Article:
Getting covered through the Affordable Care Act might feel like a combination of doing your taxes and making a big purchase that requires research.
You’ll need accurate income information for your household, plus some understanding of how health insurance works. Federal agencies will verify your identity, citizenship and income, and you have to sign that you’re providing truthful information, subject to perjury laws.
When the state health insurance markets open Oct. 1, consumers can apply online, via a call center, in person or by mail.
Here’s an overview of what to expect applying online:
- Go to healthcare.gov and click on “Get Insurance.” The site has links to every state market. You’ll set up an account and password. You’ll provide your contact information and the best way to reach you. Treat your password like a bank account or credit card password.
- Now you can tackle the application. You’ll need birth dates and Social Security numbers for yourself and other family members listed on your federal tax return. You’ll also be asked if you’re a citizen. Legal immigrants will need their immigration documents.
- Next, you’ll be asked about income. You may need your most recent tax return, pay stubs and details on other kinds of income, such as alimony, pensions and rents. You can still apply if your income is too low to file a tax return. You’ll also be asked if you have access to health insurance through your job and may be required to take that insurance if available.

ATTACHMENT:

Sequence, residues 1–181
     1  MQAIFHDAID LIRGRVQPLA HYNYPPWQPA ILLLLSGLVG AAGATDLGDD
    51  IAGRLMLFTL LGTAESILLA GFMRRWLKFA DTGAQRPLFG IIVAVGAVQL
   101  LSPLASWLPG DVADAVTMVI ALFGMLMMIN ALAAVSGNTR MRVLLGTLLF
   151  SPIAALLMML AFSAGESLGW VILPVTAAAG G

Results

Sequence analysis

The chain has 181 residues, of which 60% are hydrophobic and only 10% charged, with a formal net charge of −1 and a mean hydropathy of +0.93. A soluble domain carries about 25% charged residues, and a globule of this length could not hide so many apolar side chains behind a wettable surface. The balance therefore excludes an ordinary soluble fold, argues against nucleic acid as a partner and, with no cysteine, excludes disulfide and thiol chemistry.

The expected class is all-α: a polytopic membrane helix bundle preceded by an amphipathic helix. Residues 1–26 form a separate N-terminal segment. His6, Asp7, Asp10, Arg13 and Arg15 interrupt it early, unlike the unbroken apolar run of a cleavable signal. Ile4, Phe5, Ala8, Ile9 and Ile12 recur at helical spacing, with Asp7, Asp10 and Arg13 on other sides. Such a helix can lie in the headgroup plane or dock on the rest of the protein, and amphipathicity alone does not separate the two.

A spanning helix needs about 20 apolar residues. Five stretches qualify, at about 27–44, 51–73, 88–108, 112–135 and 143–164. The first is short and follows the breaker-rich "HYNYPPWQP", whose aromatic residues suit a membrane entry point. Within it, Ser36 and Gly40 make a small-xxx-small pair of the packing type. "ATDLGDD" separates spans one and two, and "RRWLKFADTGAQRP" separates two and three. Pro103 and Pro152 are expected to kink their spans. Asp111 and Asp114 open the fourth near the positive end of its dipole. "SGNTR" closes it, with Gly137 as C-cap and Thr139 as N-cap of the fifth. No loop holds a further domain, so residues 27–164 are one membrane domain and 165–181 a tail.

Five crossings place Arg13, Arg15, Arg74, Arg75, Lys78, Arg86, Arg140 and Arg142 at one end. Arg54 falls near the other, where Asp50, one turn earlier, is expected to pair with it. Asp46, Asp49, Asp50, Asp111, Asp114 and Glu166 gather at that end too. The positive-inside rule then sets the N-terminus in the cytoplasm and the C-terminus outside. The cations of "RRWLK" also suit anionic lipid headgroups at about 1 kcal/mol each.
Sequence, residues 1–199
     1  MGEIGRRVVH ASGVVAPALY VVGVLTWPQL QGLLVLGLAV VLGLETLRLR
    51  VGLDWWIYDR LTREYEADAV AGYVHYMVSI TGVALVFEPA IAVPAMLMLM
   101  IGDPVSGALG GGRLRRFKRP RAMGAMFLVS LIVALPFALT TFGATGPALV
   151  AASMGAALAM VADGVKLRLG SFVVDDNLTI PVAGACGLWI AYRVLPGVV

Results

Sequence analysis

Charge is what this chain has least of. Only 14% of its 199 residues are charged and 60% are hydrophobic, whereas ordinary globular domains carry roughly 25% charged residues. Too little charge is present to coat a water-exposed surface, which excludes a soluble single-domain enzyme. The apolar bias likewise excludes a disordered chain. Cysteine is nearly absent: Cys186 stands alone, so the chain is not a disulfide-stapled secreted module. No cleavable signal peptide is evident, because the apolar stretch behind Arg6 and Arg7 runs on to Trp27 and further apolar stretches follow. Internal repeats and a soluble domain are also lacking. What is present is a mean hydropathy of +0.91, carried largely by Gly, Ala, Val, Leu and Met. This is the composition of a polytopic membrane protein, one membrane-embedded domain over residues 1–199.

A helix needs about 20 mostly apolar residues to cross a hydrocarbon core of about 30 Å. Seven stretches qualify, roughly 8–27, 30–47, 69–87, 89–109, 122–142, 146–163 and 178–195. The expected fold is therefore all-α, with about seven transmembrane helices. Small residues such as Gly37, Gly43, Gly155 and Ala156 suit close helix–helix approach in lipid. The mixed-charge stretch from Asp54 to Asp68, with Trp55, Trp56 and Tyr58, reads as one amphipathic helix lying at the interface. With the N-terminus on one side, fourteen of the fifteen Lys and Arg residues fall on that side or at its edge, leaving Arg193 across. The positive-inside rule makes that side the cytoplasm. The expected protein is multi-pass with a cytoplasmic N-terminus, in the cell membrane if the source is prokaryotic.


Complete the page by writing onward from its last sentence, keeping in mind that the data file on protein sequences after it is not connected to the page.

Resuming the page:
- Your personal and income details will be routed through a new government entity called the data services hub, which will ping agencies like Social Security, Homeland Security and the Internal Revenue Service for verification. The feds will also rely on a major private credit reporting company to verify income and employment.
- If you’re like most people, you’ll get a tax credit to help pay your premiums. The credits are based on your income and keyed to the premium for a plan known as the “second-lowest cost silver plan” in your area. With your tax credit, you can finally shop for insurance.
- You’ll have up to four levels of coverage to consider: bronze, silver, gold and platinum. Plans at every “metal level” cover the same benefits and have a cap of $6,350 a year in out-of-pocket expenses for an individual and $12,700 for families. Bronze plans generally have the lowest premiums, but cover only 60 percent of medical costs on average. Platinum plans have the highest premiums, but cover 90 percent of costs. Make sure your doctors and hospitals are in the plan you pick.